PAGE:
I guess it's cause I love him and I can't imagine my life without him in it. He has been so patient and understanding of my demons. I cannot believe that after 4 years, he has not already left me due to my insecurity.

I feel stuck too.

But I guess at the end of the day, your boyfriend has to be willing to make you feel safe. It is difficult to be in a relationship when you have your guard up and you are always worried about the other person betraying you or not loving you enough. You are like a yo yo. You have good moments and when you feel you are getting too close, you get scared and pull away. You tend to get scared whenever he is around her and you imagine him doing things with her behind your back all the time. But seeing them together with your own eyes is reason enough. Your own thoughts are driving you crazy. However, he does share the blame. His actions and close relationship with his ex are making you feel uneasy. He should not be making you feel uneasy. He should be making you feel loved, safe and secure.

So, the only way to solve this one way or the other is to tell him to back off his relationship with his ex or you cannot continue seeing him and doing this to yourself. I know it's an ultimatum and I am not the biggest fan of ultimatums, but in this case I will make an exception. He cannot have his cake and eat it.

His choice.

This way you will see where his heart really is.

Before you waste so much more precious time pining away for a man who is still attached to ex and will not let her go.

Your relationship is still new. It will be easier to get over him now, than years from now.

Wish you well.

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A male reader, Billy Bathgate United States + , writes (16 May 2017):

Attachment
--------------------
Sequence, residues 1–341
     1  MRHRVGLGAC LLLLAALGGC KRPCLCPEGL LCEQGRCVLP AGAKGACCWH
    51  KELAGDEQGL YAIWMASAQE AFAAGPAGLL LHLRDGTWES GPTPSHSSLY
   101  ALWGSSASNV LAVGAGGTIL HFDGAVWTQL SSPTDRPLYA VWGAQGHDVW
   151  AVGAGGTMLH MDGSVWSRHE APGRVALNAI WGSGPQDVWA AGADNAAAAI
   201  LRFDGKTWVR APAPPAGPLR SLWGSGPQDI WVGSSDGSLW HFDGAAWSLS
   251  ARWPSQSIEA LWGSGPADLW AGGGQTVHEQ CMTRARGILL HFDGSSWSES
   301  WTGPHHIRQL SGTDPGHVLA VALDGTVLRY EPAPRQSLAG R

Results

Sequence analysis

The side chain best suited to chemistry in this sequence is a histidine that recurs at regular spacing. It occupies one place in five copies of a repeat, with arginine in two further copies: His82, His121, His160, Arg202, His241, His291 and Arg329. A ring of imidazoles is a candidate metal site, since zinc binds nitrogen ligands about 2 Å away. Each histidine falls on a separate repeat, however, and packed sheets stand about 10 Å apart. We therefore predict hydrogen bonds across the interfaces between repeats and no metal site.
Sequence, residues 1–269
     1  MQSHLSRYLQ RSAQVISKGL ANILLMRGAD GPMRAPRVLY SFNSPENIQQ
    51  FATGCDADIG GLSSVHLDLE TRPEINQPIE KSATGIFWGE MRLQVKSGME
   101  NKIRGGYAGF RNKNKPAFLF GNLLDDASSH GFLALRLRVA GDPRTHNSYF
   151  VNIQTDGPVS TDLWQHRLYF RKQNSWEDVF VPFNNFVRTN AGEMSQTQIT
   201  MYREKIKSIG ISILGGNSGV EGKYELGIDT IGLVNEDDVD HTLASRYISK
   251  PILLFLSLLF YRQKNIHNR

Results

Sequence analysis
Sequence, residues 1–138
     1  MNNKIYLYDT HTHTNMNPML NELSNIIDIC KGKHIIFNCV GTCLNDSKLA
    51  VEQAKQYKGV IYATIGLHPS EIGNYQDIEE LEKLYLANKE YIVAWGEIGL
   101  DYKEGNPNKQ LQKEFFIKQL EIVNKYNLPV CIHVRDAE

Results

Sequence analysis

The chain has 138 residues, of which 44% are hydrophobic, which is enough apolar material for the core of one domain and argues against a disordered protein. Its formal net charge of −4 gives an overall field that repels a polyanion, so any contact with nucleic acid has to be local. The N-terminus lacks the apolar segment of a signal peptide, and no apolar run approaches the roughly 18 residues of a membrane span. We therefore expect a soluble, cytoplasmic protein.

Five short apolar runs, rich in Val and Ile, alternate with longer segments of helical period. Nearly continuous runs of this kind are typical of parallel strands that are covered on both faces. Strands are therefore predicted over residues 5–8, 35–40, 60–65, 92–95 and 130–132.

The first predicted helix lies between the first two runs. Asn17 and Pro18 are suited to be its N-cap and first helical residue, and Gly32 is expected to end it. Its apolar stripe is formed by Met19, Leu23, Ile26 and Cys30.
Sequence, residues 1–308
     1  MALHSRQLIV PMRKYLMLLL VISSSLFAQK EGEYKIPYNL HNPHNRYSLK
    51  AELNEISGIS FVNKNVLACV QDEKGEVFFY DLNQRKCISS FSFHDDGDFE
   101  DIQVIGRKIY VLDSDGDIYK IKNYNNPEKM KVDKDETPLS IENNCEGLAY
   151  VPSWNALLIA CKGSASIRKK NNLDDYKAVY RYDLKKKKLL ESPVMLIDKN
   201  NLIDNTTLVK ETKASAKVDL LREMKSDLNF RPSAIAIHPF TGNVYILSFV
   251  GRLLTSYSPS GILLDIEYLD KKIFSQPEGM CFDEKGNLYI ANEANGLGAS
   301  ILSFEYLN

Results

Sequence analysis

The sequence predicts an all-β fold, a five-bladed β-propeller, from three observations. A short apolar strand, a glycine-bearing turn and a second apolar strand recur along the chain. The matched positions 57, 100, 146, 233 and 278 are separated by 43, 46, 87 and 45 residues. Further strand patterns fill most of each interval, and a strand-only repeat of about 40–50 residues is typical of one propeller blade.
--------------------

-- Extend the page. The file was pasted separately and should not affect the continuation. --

You need to grow up. You're just dating this guy and not even openly. You have no right to tell him who he can and can't be friends with. Keep in mind if he wanted to be with her he would be with her. If you can't be an adult and accept that then you need to split with him and find someone who has no past.

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A male reader, N91 United Kingdom + , writes (16 May 2017):

N91 agony auntI agree with denizen.

I don't think many people would be comfortable with their other half being close to their ex, someone they used to have a sexual relationship with and obviously share a good chemistry with.

To be fair, you sound like you're going to be on edge for the duration of this relationship because I feel even if you ask him to stop speaking to her as much, which I don't feel is an unreasonable request, I don't think he will do. He would also probably end up telling her you don't like it and she could then try to throw a spanner in the works.

In a nutshell, I think you are going to struggle maintaining a relationship with this man. I also think it's an extremely bad idea to get involved in work place romances, if you guys break up you're going to see each other everyday.

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A male reader, Denizen United Kingdom + , writes (16 May 2017):

Denizen agony auntI would tell him that this contact with his ex' bugs you and he needs to dial it back. You don't contact your ex' and you expect the same. It's a question of loyalty.

It's lovely they are still friends particularly in the work place but you have to explain you need to see more exclusivity from him towards you.

How do you explain this? I think you need to be clear. Tell him it's pissing you off. He will no doubt try to tell you that you are being too demanding or something like that. Stick to your guns. Make it plain it upsets you. He has to be either on the bus or off the bus.